We came so close.
After passing in the House of Representatives, HB 1141, the bill that would have updated our state’s current Death With Dignity law, headed to the Senate. It died there, but not without leaving a legacy of progress that will serve us well next year, when we try again to get it passed.
For starters, the simple fact that our bill made it out of the House is an encouraging sign. The fact that we had support from a Republican lawmaker and a Democrat lawmaker in drafting the bill (Nicole Macri (D) and Skyler Rude (R)) is also a plus.
“The bill passed out of the house on a bipartisan vote and was ready to be voted on in the Senate; we just ran out of time,” End of Life Washington’s contract lobbyist Nancy Sapiro said. Our bill took these strides in the midst of unprecedented challenges placed in our path by the pandemic that upended all of our lives.
Nevertheless, the fact that we made it as far as the Senate makes us optimistic about the future, as well as grateful for the work that people like State Reps. Rude, Macri, and Eileen Cody put forth in trying to get it passed in the House, and State Sen. Annette Cleveland in the Senate.
“It was a very challenging year for us given the virtual session and the priorities laid out by legislative leadership this session, and yet we had a great deal of success,” Sapiro said. She believes that the current law should be updated to better reflect the realities of the current practice, while keeping the core safeguards of the law in place. The existing law has been in place since 2009, and it’s working as intended for those who can access it.
Evidence suggests that the passage of the law has resulted in improved conversations between patients and physicians, better palliative care, training and improved enrollment in hospice care.
Too many eligible residents are robbed of the benefits of the law by unnecessary regulatory roadblocks. For instance, more than one-third of End of Life Washington’s clients have difficulty finding physicians to support them in accessing the law. About one-half die within the 15-day waiting period.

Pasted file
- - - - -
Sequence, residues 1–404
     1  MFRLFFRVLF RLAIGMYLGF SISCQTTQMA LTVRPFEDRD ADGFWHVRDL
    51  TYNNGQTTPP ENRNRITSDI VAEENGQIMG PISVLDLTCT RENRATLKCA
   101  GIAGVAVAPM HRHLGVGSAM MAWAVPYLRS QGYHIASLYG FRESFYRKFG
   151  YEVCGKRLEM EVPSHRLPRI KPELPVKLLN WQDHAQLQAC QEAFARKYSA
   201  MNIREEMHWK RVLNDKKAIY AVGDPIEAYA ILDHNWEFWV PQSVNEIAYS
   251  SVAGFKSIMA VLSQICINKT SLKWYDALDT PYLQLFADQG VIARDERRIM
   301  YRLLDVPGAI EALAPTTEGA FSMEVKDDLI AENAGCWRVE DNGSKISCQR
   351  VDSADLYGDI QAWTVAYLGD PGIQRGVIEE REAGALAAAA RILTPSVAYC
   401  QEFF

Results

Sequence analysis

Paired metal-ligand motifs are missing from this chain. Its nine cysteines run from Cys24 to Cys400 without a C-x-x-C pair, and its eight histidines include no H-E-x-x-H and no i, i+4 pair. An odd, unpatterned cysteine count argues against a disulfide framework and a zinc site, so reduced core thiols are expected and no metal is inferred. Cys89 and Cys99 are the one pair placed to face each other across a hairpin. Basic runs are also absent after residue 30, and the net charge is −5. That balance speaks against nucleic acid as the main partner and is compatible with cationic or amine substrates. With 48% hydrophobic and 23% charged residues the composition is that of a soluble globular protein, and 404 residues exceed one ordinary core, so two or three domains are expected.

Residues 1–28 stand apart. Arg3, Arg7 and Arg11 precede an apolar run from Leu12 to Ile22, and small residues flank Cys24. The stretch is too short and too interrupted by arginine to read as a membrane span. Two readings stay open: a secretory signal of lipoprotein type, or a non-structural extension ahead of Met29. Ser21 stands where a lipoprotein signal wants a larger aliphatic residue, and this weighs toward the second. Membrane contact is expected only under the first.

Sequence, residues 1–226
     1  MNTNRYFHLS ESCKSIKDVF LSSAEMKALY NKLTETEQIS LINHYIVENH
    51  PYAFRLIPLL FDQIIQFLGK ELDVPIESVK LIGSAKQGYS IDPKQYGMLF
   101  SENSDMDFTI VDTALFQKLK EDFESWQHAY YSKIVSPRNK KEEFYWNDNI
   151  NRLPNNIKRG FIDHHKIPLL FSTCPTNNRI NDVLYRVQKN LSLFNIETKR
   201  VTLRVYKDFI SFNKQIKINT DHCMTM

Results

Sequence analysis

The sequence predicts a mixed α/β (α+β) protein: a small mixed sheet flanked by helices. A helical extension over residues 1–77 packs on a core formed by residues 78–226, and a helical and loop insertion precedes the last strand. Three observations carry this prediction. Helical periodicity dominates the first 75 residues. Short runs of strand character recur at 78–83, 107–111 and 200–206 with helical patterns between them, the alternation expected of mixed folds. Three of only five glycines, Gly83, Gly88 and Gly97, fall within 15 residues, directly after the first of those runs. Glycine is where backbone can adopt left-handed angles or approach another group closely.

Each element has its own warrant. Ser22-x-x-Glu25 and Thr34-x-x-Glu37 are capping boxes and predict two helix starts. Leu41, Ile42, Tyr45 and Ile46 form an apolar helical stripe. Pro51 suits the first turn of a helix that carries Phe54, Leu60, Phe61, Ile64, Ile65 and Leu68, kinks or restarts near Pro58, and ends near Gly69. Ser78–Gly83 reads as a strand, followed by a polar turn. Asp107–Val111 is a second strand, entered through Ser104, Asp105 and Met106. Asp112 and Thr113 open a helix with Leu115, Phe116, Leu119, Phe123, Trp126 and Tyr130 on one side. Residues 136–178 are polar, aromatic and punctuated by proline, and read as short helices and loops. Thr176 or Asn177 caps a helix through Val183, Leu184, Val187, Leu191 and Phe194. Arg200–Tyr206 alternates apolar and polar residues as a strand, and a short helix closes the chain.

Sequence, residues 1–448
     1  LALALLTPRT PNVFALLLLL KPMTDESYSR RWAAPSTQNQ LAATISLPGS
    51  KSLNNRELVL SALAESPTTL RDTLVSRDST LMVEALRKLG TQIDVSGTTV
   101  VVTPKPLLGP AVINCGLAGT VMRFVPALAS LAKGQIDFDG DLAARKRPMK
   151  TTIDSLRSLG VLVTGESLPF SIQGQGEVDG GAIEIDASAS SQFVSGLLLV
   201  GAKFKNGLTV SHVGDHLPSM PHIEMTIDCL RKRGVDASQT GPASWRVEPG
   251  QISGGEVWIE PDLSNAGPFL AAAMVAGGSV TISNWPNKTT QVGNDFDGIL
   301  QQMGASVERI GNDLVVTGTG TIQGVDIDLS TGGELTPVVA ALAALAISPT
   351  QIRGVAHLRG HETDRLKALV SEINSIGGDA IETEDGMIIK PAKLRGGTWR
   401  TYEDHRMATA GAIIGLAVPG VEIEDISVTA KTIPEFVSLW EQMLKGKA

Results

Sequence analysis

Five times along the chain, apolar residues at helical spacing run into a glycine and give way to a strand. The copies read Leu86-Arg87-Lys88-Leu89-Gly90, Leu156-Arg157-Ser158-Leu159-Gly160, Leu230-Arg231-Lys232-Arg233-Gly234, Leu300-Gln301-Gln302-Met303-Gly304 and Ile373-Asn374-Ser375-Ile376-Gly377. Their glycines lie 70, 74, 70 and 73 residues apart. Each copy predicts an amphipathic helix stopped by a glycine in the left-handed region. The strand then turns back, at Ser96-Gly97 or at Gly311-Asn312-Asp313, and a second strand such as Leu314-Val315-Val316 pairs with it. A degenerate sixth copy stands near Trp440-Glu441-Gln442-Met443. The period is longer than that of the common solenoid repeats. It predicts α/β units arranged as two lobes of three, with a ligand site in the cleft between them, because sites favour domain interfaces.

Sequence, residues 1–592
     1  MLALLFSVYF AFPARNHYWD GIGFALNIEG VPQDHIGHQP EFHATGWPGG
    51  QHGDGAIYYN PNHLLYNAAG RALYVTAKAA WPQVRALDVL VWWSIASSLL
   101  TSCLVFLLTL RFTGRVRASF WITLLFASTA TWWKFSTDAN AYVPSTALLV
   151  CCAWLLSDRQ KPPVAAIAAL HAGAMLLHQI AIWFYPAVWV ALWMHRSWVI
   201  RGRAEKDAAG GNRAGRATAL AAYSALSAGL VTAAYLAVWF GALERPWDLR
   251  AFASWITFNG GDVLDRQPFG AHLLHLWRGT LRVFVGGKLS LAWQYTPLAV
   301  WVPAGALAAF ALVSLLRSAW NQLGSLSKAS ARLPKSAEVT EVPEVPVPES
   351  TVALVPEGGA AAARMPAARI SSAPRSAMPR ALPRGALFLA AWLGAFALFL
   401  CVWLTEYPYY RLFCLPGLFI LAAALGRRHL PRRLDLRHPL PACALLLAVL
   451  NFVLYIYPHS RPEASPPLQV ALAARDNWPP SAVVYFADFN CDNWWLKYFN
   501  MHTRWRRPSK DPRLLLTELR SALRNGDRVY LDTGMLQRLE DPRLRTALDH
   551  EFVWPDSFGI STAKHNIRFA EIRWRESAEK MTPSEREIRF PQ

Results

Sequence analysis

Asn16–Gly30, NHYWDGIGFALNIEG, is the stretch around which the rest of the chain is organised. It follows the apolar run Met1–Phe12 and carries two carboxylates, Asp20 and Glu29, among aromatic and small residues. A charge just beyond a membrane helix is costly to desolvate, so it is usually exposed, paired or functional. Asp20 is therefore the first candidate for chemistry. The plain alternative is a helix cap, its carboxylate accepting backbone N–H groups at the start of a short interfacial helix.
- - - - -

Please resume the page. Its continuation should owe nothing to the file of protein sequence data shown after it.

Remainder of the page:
One-third of them come to End of Life Washington without a physician that can aid them with Death With Dignity. Thus, crafting a bill that can help us overcome these roadblocks has become essential.
“House Bill 1141 was that bill. It would allow more eligible patients to access medical aid in dying,” Sapiro said.
Bob Free, president of the board of directors of End of Life Washington, agreed, saying that passage of such legislation would “reinforce the right of Washingtonians to a dignified death, without barriers.”
House Bill 1141, if enacted into law, would have shortened the waiting time to obtain a prescription, and allow more qualified providers to support patients who want medical aid in dying. It would also have allowed patients to make the best and most timely decisions, and would have modernized the delivery of prescriptions.
The progress is a source of pride.
“Ours was the second state in the nation to adopt a Death With Dignity law in 2008, and End of Life Washington is proud to have worked for over a decade to help terminally ill residents achieve a death aligned with their values and priorities,” Free said.
He later added, “We value our collaboration with the national organization Compassion & Choices and look forward to continuing our work together.”
Sapiro echoed Free’s words, saying that the close call of 2021 will only fuel next year’s efforts in Olympia and across the state.
“We may have fallen short this session but we will be back and intend to get it across the finish line in 2022,” Sapiro said.
To read the previous article, “Se Habla Español,” click here
To read the next article, “The Stakes Are Too High To Risk Not Being Ready,” click here.
Help us sprint across that finish line next year by making a donation now. Click here.